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Controversy mounts in EU over fall-out from biofuel

Pete Harrison, Reuters UK
Fresh controversy is mounting within the European Union over biofuels and their unintended impact on tropical forests and wetlands, documents show.

One leaked document from the EU’s executive, the European Commission, suggests biofuel from palm oil might get a boost from new environmental criteria under development.

But another contains a warning from a top official that taking full account of the carbon footprint of biofuels might “kill” an EU industry with annual revenues of around $5 billion.

The European Union aims to get a tenth of its road fuels from renewable sources by the end of this decade, but has met with criticism that biofuels can force up food prices and do more harm than good in the fight against climate change.

Most of the 10 percent goal will be met through biofuels, creating a market coveted by EU farming nations, which produce about 10 billion litres a year, as well as exporters such as Brazil, Malaysia and Indonesia…
(11 Feb 2008)

British Airways to fly jets on green fuel made from London’s rubbish by 2014

Sarah Arnott, The Independent
British Airways and the US bioenergy company Solena are to establish Europe’s first green jet fuel plant in the East End of London.
When it is up and running in 2014, the factory will turn 500,000 tonnes of landfill waste – including household and industrial rubbish – into 16 million gallons of carbon-neutral aviation fuel every year.

It will produce enough fuel to power all of BA’s flights from nearby City Airport twice over. And with 95 per cent fewer emissions than traditional kerosene, the plan will be equivalent to taking 48,000 cars off the roads.

There are four sites under consideration for the plant, which will be built and run by Washington DC-based Solena, with BA guaranteed to buy all of its output. It will employ up to 1,200 people. Alongside the reduction in carbon from the jet fuel itself, it will also cut the methane produced from landfill and generate 20 megawatts of electricity per year as a byproduct.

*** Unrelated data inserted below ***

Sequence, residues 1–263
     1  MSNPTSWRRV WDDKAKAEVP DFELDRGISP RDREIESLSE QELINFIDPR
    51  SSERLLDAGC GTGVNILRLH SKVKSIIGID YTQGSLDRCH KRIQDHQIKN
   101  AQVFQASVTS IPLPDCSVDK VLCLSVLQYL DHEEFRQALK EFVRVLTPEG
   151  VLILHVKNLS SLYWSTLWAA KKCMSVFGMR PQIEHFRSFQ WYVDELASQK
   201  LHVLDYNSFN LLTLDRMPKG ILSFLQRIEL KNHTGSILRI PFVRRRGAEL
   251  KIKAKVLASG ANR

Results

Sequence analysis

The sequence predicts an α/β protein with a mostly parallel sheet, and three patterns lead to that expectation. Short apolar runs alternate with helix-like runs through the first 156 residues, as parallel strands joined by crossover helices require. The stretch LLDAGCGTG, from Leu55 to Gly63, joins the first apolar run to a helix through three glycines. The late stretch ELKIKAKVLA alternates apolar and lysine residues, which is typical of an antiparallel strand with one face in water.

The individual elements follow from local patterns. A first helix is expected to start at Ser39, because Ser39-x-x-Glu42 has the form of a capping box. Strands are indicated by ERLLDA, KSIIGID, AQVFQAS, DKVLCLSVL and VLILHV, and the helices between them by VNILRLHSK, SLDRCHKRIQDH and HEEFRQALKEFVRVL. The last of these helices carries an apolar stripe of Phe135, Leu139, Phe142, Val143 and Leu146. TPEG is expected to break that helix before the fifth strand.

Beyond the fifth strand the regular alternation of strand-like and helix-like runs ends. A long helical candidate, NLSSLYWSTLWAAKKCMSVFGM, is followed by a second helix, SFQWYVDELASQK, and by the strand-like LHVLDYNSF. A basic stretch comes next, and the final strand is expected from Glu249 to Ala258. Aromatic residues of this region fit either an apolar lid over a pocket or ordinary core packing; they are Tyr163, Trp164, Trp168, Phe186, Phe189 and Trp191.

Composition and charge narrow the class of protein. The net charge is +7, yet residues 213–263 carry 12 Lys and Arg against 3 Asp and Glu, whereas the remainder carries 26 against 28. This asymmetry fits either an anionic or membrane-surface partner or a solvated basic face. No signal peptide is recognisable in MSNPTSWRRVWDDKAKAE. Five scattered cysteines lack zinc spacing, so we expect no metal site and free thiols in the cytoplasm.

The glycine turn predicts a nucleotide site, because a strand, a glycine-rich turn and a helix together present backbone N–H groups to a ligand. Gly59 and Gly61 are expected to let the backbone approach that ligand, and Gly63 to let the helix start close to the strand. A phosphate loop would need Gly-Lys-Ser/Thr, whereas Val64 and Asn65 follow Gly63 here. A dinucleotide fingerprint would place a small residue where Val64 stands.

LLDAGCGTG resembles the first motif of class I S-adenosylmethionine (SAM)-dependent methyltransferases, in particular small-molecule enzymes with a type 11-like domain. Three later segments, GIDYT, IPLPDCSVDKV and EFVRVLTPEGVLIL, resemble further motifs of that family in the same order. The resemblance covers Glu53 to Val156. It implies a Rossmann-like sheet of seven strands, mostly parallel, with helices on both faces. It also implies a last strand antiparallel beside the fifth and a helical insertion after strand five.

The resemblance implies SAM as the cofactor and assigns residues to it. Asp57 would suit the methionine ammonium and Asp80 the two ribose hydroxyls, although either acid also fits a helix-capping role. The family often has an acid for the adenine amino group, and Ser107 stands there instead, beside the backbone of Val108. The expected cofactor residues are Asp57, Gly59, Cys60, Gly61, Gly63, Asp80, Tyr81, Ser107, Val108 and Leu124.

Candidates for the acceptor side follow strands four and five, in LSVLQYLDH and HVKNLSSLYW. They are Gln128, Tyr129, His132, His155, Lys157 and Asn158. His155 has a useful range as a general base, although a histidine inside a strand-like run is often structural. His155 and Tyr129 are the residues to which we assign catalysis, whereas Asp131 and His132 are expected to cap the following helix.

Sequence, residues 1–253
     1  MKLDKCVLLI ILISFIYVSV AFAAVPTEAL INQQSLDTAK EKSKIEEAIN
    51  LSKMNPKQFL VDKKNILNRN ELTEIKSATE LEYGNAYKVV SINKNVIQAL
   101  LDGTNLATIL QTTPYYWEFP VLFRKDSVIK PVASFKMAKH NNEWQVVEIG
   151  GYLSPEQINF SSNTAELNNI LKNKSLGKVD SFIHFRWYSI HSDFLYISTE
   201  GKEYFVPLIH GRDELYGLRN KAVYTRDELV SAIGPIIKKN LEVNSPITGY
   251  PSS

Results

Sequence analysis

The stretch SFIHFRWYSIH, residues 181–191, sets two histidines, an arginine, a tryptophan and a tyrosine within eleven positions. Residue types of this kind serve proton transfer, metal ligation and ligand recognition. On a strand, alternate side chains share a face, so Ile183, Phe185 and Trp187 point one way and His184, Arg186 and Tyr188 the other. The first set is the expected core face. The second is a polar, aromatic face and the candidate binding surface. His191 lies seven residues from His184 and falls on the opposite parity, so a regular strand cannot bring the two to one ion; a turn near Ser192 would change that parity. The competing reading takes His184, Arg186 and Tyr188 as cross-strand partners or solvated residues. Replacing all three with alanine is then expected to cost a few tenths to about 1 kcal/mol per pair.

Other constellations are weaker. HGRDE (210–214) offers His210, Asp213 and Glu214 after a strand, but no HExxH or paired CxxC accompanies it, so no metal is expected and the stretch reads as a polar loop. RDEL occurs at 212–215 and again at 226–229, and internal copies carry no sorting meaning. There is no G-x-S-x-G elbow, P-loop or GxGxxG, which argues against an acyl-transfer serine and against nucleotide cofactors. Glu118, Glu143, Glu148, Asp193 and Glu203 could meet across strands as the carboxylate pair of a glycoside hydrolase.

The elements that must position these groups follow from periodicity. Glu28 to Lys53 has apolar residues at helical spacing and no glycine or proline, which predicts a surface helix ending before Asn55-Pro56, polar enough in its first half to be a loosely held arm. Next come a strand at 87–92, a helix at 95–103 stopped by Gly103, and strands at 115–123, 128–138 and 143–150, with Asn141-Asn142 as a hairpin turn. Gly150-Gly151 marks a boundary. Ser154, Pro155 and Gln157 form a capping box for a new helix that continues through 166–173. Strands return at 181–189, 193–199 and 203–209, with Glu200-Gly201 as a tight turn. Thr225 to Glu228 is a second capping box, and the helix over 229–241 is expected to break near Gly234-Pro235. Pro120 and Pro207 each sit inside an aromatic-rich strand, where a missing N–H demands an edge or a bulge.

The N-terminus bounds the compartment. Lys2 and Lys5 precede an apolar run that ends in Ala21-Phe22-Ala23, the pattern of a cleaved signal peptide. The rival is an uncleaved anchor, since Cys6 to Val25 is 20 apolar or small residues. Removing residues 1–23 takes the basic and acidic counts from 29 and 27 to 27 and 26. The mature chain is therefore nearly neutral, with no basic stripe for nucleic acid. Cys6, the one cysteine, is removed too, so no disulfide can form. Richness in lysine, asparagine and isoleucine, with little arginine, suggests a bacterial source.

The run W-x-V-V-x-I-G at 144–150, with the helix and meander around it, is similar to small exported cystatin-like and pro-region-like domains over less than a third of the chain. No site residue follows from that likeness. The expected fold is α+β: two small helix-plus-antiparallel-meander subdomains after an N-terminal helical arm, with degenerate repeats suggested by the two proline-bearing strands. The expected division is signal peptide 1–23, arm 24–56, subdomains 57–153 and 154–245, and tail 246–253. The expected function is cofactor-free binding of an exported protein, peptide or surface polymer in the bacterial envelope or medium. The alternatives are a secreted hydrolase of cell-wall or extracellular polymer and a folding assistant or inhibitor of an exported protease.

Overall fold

Biofuel for aeroplanes has made slow progress, hampered by tricky technicalities including the necessary high energy capacity, and the extreme cold at which it must operate. BA’s rival Virgin conducted the first commercial flight powered by biofuel in February 2008, and last January saw the first algae-fuelled jet take off from Houston.
(16 Feb 2008)

BA’s biofuels plans mean a lot of garbage: the problem of “peak waste”

Ed Crooks, Financial Times (journalist’s blog)
BA is planning a biofuels plant, as it makes its bid for the “green airline” ticket. Its proposed project, to be built in east London, would employ 1,200 people and produce 16m gallons of aviation fuel a year.

… There is a very real prospect that we will hit “peak waste” before we hit peak oil.

Siting the plant in London is a smart move, because the city is the Ghawar of waste: the country’s largest upstream source of supply. The plant would use organic waste such as food, thrown away in astonishing volumes by the British public, which would be gasified and then converted into liquid fuels by the standard Fischer-Tropsch process used for gas-to-liquids plants.

However, there is a fundamental problem with this plan: a shortage of garbage. London throws away about 3m tonnes of that organic waste every year. That might sound a lot, but BA’s plant would need to use 500,000 tonnes a year to produce its 16m gallons. That is one sixth of London’s output, or the waste from 1.3m people. About 1m tonnes a year is already finding productive uses, so BA’s demand will be about a quarter of the city’s available waste.

… The problem, strange as it may seem, is that there is just not enough waste in the world for the process to make a radical difference to energy supplies. “Fuel from garbage” is a seductive idea, and at the margin it can make a contribution, but the margins are where it is likely to stay.

It also suggests that there may come a time when you will no longer have to pay people to take your waste away, but will be able to sell it. That has already happened with many types of commercial waste. How long before householders have to keep their bins inside the house, for fear of “garbage bandits” snatching their precious potato peelings and banana skins?
(15 February 2010)
The Financial Times makes a nod to the concept of “nutrient recycling” — you can’t get something for nothing. Ultimately, garbage will be much more productive if its nutrients are returned to the soil, keeping agriculture afloat. It was too long ago that human and animal excrement was highly valued for the agricultural nutrients they contained.

Love FT’s description of London: “the Ghawar of waste.”